nel Young's Kentucky Cavalry, passed through Upper Marlboro, Md., and crossed the Patuxent into Anne Arundel County.--Baltimore American, September 13. With the view to promoting the health and comfort of the troops in and near St. Louis, Gen. Fremont appointed a Sanitary Committee of five gentlemen who shall serve voluntarily and be rewarded at the pleasure of the General. The object of this commission shall be to carry out such sanitary regulations and reforms as the well-being of the sonment regulations. The committee is not intended to interfere with the medical staff or other officers of the army, but to cooperate with them and aid them in the discharge of their present arduous duties.--Louisville Journal, September 13. The President issued a letter to Gen. Fremont, stating that the General's late proclamation relating to the emancipation of the slaves of rebel owners must be interpreted in conformity with the recent act of Congress bearing on the question.--(Doc. 43.)
ndred men from the Fourteenth Indiana, and Twenty-fourth and Twenty-fifth Ohio regiments, dispersed three Tennessee regiments under General Anderson to-day, on the west side of Cheat Mountain, Va, completely routing them, killing eighty and obtaining most of their equipments. The National loss was eight killed.--N. Y. Herald, Sept. 17. Two slaves, the property of Thomas L. Snead, a secessionist of St. Louis, Missouri, were manumitted this day in accordance with the proclamation of General Fremont of August 30th.--(Doc. 46.) A Resoltution passed the Board of Aldermen of Louisville, Ky., providing for the appointment of a committee from both boards of the General Council with instructions to inquire into the loyalty to the Union of the members of that department of the city government.--Louisville Journal, September 13. An order was issued prohibiting the carrying of the Baltimore Exchange in the United States mails. It is the worst secession sheet in America, and ought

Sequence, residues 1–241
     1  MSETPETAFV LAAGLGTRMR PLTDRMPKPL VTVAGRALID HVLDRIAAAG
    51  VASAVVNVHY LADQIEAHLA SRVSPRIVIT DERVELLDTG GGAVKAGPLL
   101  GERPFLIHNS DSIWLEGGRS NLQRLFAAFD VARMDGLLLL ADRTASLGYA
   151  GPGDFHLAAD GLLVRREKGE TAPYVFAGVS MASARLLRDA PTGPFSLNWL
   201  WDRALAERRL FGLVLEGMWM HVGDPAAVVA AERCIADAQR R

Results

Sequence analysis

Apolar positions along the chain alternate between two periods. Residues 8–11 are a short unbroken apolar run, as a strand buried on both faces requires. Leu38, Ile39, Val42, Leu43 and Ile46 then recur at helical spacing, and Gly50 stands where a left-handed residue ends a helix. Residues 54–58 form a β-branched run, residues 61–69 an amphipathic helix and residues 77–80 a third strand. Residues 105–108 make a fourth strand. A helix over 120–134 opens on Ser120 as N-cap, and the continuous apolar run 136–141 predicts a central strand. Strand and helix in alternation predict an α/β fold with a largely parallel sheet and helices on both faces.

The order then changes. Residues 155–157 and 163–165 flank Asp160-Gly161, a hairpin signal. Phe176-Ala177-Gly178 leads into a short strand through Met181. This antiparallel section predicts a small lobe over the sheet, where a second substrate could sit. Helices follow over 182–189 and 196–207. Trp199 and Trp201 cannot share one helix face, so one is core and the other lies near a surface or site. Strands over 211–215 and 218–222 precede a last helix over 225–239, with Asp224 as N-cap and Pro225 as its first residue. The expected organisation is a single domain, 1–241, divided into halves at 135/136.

Benson J. Lossing, Pictorial Field Book of the Civil War. Volume 2., Chapter 3: military operations in Missouri and Kentucky. (search)
ed by his counsellors. Experts say, that had Fremont's plan been promptly acted upon, the war thatay with them the Secession State flag, joined Fremont's forces, which were then on the Osage River, at Warsaw, in pursuit of Price. Fremont, with his splendid body-guard of cavalry, under Major Chamerica as an exile. Offering his services to Fremont at St. Louis, he was charged with the duty ofeen informed. See letters to his wife in Mrs. Fremont's Story of the Guard. That plan was to captnd it soon and victoriously. Letter of General Fremont to his wife, October 11th, 1861. Mrs. Frey. Geo. B. McClellan, Com.-in-Chief. General Fremont tried to find out what were the offensive commenced the war against the Government.--Mrs. Fremont, in her Story of the Guard, page 201. and ao the path-Finder, by the men of the West. Fremont had long before been called The, Pathfinder, ember, followed by a long train of vehicles Fremont's sword. filled with-Union refugees. The wo[10 more...]
ve. The Republican party, the champion of white laborers, will plead their cause and insure them success. To this extent, therefore, the friend of the slave can consistently aid the Republican party; but, this end gained, it will be his duty to desert and war against it. For it is publicly pledged never to interfere, by political action, with slavery where it already exists; but, on the contrary, to preserve and defend whatever may be protected by the aegis of State sovereignty. See J. C. Fremont's Letter of Acceptance, and the Republican Campaign Documents, passim. West of the Mississippi and in the State of Missouri, therefore, the friend of the slave, from the inevitable operation of potent political and commercial forces, may leave, to a great extent, the fate of slavery to peaceful causes or other than distinctively abolition movements. Westward, slavery cannot go. Northward, its influence daily diminishes. The sentiment of the Eastern world is hostile to it always.